This is the defendant’s sole assignment of error: the Court erred in imposing a sentence in excess of the punishment per-, mitted by G.S. 14-33.
However, at the threshold of our consideration of this appeal we are confronted with the acts of the Court, upon the defendant’s plea of nolo contendere, in finding the defendant guilty of a part of the offenses charged, and not guilty of another part, and in imposing judgment “on the verdict.”
In this jurisdiction pleas of nolo contendere have been accepted for many years. The acceptance by the Court of such a plea, and its entry in the Minutes of the Court, is a matter of grace: it is not a plea open to the defendant as a matter of right. In this jurisdiction, and apparently in all the State and Federal Courts where such a plea is allowed, a plea of nolo contendere to a warrant or an indictment, good in form and substance, when accepted by the Court, becomes an implied confession of guilt, and for the purposes of that case only is equivalent to a plea of guilty. Fox v. Scheidt, 241 N.C. 31, 84 S.E. 2d 259; Winesett v. Scheidt, 239 N.C. 190, 79 S.E. 2d 501; S. v. McIntyre, 238 N.C. 305, 77 S.E. 2d 698; S. v. Cooper, 238 N.C. 241, 77 S.E. 2d 695; S. v. Thomas, 236 N.C. 196, 72 S.E. 2d 525; S. v. Burnett, 174 N.C. 796, 93 S.E. 473, L.R.A. 1918A 955; Hudson v. U. S., 272 U.S. 451, 71 L. Ed. 347; Anno. *267152 A.L.R., p. 273 et seq.; 22 C.J.S., Crim. Law, Sec. 425; 14 Am. Jur., Crim. Law, p. 954; Nolo Contendere: Its Nature and Implications, 51 Yale Law Journal 1256-7.
“It” (a plea of nolo contendere) “authorizes judgment as upon conviction by verdict or plea of guilty.” Winesett v. Scheidt, supra. This seems to be universally held. S. v. Burnett, supra.
When a plea of nolo contendere has been accepted by the Court, and as long as it stands, it is not within the province of the Court to adjudge the defendant guilty or not guilty. S. v. Thomas, supra; Com. v. Rousch, 113 Pa. Super. 182, 172 A. 484; Ferguson v. Reinhart, 125 Pa. Super. 154, 190 A. 153; S. v. Herlihy, 102 Me. 310, 66 A. 643; Crowley v. U. S., 113 F. 2d 334, 338; 14 Am. Jur., Crim. Law, p. 954; 22 C.J.S., Crim. Law, p. 660.
In U. S. v. Norris, 281 U.S. 619, 74 L. Ed. 1076, it is said: “After the plea” (referring to a plea of nolo contendere), “nothing is left but to render judgment, for the obvious reason that in the face of the plea no issue of fact exists, and none can be made while the plea remains of record.”
It is not necessary that the Court should adjudge that the defendant is guilty, for that follows by necessary legal inference, since a plea of nolo contendere, when accepted by the Court, becomes an implied confession of guilt for the purposes of that particular case. S. v. Burnett, supra; Com. v. Ingersoll, 145 Mass. 381, 14 N.E. 449; S. v. Herlihy, supra; Anno. 41 L.R.A. (N.S.) 72.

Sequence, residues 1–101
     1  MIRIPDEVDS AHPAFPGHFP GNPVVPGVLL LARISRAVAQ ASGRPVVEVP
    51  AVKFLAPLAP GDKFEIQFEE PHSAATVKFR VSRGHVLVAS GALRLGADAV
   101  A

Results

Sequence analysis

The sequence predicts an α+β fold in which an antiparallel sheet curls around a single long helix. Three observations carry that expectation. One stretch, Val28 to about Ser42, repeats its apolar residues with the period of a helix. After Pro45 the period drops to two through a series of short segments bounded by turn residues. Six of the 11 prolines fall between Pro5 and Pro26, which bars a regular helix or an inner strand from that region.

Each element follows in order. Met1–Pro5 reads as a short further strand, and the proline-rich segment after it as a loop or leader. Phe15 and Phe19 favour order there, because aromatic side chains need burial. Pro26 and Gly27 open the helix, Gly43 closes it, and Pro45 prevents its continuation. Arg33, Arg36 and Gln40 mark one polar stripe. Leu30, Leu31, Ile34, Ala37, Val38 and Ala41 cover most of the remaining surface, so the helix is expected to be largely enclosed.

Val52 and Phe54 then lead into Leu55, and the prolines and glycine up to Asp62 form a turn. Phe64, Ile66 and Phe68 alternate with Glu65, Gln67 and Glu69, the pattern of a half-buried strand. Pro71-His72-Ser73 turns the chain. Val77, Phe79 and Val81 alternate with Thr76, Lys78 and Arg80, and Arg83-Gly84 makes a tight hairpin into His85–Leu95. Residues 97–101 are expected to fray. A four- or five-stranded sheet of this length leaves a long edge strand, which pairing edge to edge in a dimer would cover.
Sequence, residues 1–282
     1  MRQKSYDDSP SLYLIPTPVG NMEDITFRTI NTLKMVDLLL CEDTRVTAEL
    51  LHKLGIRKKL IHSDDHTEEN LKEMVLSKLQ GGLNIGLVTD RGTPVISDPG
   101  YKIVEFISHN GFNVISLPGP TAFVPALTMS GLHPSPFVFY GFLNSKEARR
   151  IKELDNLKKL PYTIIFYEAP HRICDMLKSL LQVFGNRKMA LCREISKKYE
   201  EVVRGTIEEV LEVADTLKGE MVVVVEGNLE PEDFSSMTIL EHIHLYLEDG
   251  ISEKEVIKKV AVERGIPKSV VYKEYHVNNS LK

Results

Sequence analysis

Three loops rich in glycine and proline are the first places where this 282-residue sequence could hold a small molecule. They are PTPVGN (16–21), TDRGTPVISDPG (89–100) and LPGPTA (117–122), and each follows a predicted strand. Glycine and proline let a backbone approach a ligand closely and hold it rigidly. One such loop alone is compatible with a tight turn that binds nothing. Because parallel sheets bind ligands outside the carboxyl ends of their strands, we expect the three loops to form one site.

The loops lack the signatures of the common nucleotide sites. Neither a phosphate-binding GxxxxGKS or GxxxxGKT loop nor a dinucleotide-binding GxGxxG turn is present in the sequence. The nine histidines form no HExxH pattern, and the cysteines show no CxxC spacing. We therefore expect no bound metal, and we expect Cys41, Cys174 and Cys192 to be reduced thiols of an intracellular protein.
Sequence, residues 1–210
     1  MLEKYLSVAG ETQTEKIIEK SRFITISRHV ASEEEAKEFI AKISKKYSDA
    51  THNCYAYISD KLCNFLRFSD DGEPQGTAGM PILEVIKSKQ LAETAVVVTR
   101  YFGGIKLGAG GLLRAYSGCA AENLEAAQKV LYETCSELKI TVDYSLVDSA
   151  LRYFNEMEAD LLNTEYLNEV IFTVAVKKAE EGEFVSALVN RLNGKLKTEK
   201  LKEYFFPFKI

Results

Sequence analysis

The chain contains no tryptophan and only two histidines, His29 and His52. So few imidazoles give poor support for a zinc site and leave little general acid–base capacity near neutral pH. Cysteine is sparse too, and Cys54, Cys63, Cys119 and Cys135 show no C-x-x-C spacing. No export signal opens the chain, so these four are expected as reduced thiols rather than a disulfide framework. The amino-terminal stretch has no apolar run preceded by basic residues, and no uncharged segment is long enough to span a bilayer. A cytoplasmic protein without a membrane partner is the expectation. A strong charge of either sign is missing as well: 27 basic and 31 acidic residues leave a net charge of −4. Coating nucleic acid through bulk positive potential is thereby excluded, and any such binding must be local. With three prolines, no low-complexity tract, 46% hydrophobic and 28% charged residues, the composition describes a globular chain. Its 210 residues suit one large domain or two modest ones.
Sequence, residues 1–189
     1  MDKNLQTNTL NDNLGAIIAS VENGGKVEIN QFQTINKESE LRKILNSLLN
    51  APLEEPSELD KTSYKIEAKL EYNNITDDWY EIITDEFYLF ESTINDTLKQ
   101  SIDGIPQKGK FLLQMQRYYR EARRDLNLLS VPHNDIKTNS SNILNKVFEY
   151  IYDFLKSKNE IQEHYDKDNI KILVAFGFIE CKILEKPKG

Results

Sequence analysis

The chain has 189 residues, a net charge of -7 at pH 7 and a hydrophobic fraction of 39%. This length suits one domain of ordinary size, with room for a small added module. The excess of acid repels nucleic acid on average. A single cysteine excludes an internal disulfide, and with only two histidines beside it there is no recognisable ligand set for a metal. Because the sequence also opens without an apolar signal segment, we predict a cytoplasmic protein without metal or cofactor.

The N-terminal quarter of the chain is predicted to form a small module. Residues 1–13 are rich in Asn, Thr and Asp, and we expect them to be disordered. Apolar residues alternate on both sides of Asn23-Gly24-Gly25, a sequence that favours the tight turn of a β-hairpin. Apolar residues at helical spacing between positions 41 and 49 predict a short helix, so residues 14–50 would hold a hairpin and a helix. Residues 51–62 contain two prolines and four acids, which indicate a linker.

The judge can hear evidence only to aid him in fixing punishment. S. v. Thomas, supra; S. v. Burnett, supra; Com. v. Rousch, supra; 51 Yale Law Journal 1257; 22 C.J.S., Crim. Law, p. 660.
If, after hearing evidence to aid the Court in determining the sentence to be imposed, it appears that the defendant is not guilty, the Court may advise him to withdraw his plea of nolo contendere, and stand a jury trial. It would be improper to adjudge the defendant not guilty. The law contemplates a trial of an issue of fact by a jury, and not by a judge alone, and such has been the understandings of all generations of men who have lived under the common law. Com. v. Rousch, supra; Ferguson v. Reinhart, supra; 22 C.J.S., Crim. Law, p. 660. See S. v. Barley, 240 N.C. 253, 81 S.E. 2d 772.
It was error for the Trial Judge to find the defendant guilty of part of the offenses charged, and not guilty of part of the offenses charged. That leaves the plea of nolo contendere standing for the imposition of sentence thereupon.
Yet the Court did not impose sentence upon the plea of nolo con-tendere, but “on the verdict.” There was no jury trial. The record does not support the judgment. The judgment below will be vacated, and *268the ease remanded for imposition of sentence upon the defendant’s plea of nolo contendere. However, if the defendant contends that he is not guilty of any part, or of all, of the offenses charged in the warrant, the lower court should permit him to withdraw his plea, and carry his case to the jury.
Reversed and remanded.